I recently made a nice pair of doors and frame, traditional joinery that I don't undertake that often now, though it is good to keep my hands in and I know the clients well.
Its fantastic working with wood, its pliable, mouldable and can be made into nearly anything. The workshop fills up with dust, not so good, and I smell wonderful, definitely good, with the aroma of the timber.
Timber has to be rough sawn to size and planed and thicknessed to the finished sections, and this produces huge volumes of wood chippings, that aerate and fill up a van full of bags of waste.
Up to recently I had to pay for these to be disposed of in a skip. Undoubtedly these days skips contents are sorted and recycled as much as possible though I doubt that the timber chippings are easy to extract from the pile of waste. It is expensive, working out to about £5 for every bag that is disposed of.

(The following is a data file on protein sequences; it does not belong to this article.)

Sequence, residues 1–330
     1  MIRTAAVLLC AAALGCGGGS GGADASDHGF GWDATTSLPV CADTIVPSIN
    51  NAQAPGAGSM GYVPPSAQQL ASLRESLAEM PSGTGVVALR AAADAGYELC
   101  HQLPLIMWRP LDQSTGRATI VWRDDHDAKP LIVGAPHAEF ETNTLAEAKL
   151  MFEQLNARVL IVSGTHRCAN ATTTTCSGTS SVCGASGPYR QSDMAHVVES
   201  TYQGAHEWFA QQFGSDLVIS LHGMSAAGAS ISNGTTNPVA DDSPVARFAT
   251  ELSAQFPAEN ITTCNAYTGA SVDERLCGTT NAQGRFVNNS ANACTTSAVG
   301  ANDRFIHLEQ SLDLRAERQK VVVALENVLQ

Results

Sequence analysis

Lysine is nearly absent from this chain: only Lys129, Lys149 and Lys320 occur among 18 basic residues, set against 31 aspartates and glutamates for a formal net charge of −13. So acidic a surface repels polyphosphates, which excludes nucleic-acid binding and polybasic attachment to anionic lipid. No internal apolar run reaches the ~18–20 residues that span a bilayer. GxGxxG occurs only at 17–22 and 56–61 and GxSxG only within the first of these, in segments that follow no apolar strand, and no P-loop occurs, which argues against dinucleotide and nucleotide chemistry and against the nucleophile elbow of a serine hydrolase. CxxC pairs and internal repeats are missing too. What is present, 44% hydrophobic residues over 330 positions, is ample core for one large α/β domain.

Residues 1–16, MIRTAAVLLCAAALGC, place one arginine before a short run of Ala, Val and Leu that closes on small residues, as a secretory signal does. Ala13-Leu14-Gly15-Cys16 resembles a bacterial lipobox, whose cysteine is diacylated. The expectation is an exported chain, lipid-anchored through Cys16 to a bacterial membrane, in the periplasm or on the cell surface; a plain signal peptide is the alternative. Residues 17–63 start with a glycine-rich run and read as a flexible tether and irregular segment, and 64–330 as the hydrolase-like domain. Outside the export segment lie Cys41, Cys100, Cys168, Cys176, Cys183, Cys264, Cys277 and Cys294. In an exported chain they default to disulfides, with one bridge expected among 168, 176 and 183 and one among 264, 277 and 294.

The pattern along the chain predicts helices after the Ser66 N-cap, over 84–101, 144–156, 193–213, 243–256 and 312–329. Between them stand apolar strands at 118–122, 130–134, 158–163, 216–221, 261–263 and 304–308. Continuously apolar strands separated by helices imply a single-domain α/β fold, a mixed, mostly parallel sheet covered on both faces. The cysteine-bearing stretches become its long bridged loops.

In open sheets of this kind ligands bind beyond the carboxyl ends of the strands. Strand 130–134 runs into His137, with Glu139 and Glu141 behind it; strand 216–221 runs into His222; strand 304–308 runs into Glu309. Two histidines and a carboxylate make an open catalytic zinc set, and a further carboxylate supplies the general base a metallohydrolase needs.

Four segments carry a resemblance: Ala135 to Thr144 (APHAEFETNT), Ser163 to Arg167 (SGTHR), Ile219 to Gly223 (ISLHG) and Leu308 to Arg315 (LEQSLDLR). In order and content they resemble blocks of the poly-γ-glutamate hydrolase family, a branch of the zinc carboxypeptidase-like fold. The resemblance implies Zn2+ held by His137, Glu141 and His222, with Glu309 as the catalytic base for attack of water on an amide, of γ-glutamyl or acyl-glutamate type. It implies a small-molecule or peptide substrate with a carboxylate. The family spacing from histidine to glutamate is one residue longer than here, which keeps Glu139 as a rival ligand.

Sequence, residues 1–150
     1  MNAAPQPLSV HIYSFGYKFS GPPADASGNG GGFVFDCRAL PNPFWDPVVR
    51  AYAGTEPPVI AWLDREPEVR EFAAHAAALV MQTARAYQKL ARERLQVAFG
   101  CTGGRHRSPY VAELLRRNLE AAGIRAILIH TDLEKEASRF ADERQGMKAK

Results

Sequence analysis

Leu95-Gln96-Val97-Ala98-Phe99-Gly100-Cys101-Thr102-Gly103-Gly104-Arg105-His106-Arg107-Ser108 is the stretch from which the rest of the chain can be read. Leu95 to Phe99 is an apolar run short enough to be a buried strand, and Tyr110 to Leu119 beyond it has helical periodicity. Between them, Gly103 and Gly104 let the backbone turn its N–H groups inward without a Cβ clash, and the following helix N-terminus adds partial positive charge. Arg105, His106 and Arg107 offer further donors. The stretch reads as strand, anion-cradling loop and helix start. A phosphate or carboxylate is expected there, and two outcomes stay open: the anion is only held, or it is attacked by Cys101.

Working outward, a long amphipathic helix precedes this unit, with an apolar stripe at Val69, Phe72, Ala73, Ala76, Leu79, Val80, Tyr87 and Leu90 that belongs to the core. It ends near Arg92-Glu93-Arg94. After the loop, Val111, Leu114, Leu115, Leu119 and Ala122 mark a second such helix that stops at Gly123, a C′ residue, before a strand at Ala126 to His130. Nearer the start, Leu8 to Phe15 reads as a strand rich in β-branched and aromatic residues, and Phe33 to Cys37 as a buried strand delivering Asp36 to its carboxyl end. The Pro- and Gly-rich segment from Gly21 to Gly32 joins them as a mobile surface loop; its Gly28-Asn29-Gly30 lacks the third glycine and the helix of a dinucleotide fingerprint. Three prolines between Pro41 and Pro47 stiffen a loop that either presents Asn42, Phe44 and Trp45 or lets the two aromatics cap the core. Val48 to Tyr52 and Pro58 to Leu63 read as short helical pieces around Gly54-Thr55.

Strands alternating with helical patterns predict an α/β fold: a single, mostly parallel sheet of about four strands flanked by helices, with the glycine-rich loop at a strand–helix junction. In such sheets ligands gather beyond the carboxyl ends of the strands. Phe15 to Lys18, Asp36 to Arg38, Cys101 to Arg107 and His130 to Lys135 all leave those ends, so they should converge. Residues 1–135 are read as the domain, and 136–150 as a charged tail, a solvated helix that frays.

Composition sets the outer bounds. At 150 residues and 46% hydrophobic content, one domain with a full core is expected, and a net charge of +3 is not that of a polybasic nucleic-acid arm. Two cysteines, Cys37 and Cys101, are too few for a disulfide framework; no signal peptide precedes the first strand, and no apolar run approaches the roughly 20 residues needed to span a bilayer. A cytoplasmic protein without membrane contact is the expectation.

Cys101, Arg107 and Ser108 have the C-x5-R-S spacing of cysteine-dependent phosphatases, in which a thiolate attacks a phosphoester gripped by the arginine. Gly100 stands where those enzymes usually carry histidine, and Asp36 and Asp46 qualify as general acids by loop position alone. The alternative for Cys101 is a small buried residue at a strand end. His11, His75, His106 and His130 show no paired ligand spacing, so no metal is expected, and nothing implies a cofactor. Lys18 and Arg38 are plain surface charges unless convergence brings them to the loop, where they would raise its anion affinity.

In the summer my wife got chatting to a company that produces food digesters at a county show and it turns out that digesters require a quantity of sawdust or timber pellets mixed in with the food waste to help absorb the moisture so that the machine can produce a good compost.
And they had supplied our local primary school with one to deal with the unused cooked food that they need to dispose of each day, and helping to keep their flowers and veg plots well nourished.
Now I drive the timber chippings the couple hundred metres to the school for them to feed their digester with. It saves the school from buying in wood pellets and saves me the cost of disposing of what is a really useful by product.
Its a win win.